The group of young professionals who are trying to save the Friendship TrailBridge say their mission is still on track despite withering criticism from a private engineering company.
Hillsborough County public works officials hired the private EC Driver & Associates engineering firm to review bridge proponents' plan, called "A Vision Beyond Demolition."
The engineering firm said the plan erred in saying the bridge pilings and piling caps, which support the decking, are in fairly good shape. Those supports, made of concrete reinforced with steel, are deteriorating because of the salt water and wave action in Tampa Bay, the EC Driver report said.
Bridge proponents had hoped to keep the supports and replace the decking and supporting beams with prefabricated metal. But EC Driver's engineers said putting an expensive metal structure in an "extremely aggressive environment" just 8 feet above Tampa Bay waters would be a mistake and contrary to Florida Department of Transportation rules.
"The fact is that the existing low-level span substructure and the remaining high-level substructure and superstructure will continue to deteriorate and do so at an accelerated rate," the company said in its report.
But leaders of the movement to save the bridge say they saw glimmers of hope in some of the EC Driver comments. The firm estimated total costs to repair the bridge at $27.5 million. That's higher than the $18.7 million estimate in the support group's "Beyond Demolition" report but lower than previous estimates in county-financed studies.
Also promising is EC Driver's estimate that the $27.5 million worth of repairs would yield a bridge with a 75-year lifespan. Bridge proponents had estimated their repair plan would last at least 30 years.
"The very important thing about their plan is ours was for 30 years; theirs was for 75 years," said Ken Cowart, an architect and one of the founders of the no-name group of bridge proponents.
Cowart conceded the engineering firm "shot holes" in the support group's plan, but he sees the critique as an alternative proposal that can be used to revise "Beyond Demolition."
"We're looking at what they're proposing and marrying the two," Cowart said.
Meanwhile, Cowart and Kevin Thurman, another of the founders of the bridge proponents' group, have been meeting with county commissioners and other government officials to try to garner support. On Thursday, Thurman was in the office of Commissioner Mark Sharpe, probably the most outspoken proponent of saving the bridge.
Sharpe said he agrees with the save-the-bridge group's plan to transform the 56-year-old former Gandy Bridge into a linear park they hope could draw hundreds of thousands of recreationists and tourists.
Similar projects elsewhere have been highly successful, supporters say, citing the High Line, a public park that was formerly an elevated rail line in Manhattan, N.Y., and the Walkway Over the Hudson State Park in Poughkeepsie, N.Y.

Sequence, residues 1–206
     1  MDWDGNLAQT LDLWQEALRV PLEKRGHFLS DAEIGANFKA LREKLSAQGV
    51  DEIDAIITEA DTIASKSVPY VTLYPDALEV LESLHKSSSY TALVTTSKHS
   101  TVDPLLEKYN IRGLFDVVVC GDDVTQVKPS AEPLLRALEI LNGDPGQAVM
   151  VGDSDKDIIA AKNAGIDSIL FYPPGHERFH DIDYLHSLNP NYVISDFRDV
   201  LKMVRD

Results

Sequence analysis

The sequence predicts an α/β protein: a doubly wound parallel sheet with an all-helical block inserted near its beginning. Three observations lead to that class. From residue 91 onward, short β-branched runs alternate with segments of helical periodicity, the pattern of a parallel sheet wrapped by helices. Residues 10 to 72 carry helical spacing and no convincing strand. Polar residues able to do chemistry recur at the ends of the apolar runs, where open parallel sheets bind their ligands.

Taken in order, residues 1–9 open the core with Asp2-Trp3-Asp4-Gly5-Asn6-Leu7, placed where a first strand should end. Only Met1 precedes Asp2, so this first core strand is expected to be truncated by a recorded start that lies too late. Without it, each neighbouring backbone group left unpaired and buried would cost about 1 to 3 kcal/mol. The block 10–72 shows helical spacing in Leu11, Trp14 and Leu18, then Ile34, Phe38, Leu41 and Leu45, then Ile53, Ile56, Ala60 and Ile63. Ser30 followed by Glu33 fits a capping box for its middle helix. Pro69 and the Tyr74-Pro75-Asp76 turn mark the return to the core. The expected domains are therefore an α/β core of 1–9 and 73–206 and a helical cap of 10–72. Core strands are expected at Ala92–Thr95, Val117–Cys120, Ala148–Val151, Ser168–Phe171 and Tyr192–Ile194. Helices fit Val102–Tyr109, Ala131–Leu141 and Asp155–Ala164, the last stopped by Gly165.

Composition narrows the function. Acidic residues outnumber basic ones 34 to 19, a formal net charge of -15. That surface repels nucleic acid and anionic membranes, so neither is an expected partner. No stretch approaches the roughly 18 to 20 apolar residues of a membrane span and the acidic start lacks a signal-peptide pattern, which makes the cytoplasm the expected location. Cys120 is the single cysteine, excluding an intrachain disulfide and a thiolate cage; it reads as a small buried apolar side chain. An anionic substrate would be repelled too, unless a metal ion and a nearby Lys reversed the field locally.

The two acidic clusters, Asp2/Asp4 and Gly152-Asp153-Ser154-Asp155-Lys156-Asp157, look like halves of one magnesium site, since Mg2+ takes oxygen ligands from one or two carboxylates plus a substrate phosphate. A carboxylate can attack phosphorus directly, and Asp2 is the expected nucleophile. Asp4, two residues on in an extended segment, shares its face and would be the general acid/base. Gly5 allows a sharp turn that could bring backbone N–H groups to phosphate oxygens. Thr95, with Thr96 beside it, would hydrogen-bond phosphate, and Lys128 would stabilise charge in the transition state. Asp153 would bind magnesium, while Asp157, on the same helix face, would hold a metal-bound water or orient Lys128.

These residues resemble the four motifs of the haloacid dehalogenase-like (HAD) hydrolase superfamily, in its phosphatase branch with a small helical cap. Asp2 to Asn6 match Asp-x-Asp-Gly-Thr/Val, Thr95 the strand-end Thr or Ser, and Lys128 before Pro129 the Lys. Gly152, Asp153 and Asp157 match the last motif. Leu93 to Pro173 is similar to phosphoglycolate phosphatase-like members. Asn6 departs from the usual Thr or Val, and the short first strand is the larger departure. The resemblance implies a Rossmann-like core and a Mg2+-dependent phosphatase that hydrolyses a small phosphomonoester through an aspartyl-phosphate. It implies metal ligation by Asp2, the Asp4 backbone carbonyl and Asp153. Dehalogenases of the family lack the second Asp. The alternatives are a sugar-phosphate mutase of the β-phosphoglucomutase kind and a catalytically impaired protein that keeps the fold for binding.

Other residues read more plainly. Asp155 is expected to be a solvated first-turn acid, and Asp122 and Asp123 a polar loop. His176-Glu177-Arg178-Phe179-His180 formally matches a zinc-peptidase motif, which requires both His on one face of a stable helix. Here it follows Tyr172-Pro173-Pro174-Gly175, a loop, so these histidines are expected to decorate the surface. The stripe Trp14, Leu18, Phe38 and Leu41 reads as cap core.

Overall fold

"The easy thing is to tear the bridge down and move on, but great communities often do great things," Sharpe said. "This would be a great thing for Florida, so there is a tremendous value."
Commissioners were on the verge of approving a contract to demolish the bridge on April 4 but agreed to give bridge proponents more than a month to develop an alternative plan. The supporters met the deadline by producing the "Beyond Demolition" report, which impressed commissioners with its professionalism and slickly packaged conceptual drawings.
Though the EC Driver engineers poked holes in the plan, public support for the bridge's transformation continues to grow, Cowart said. Many of the volunteers are contributing knowledge and expertise, including public relations, technical and financial help.
Perhaps the most important piece is the financial plan. The only county money the group seeks is the $5 million the county was prepared to pay to have the bridge demolished. They plan to raise the rest of the money through a public-private partnership that could apply for grants and capitalize on the bridge/park's popularity through admission or parking fees, sponsorships and advertising.
Commissioners, while supportive of saving the bridge, also are skeptical that this newest group of saviors will be any more successful than others who tried and failed to gather financial support from residents and the private sector.
"I have a responsibility to the public to be cognizant of the costs," Sharpe said.
Commission Chairman Ken Hagan agreed, saying he wants to give the supporters every opportunity to show they can secure necessary financing.
"What I'm most attracted to about this is the public-private partnership," Hagan said. "There is no way Hillsborough County can pay the $18 million or $24 million, whatever the number is. If this trail is to have an opportunity, it's incumbent on the private sector to be involved."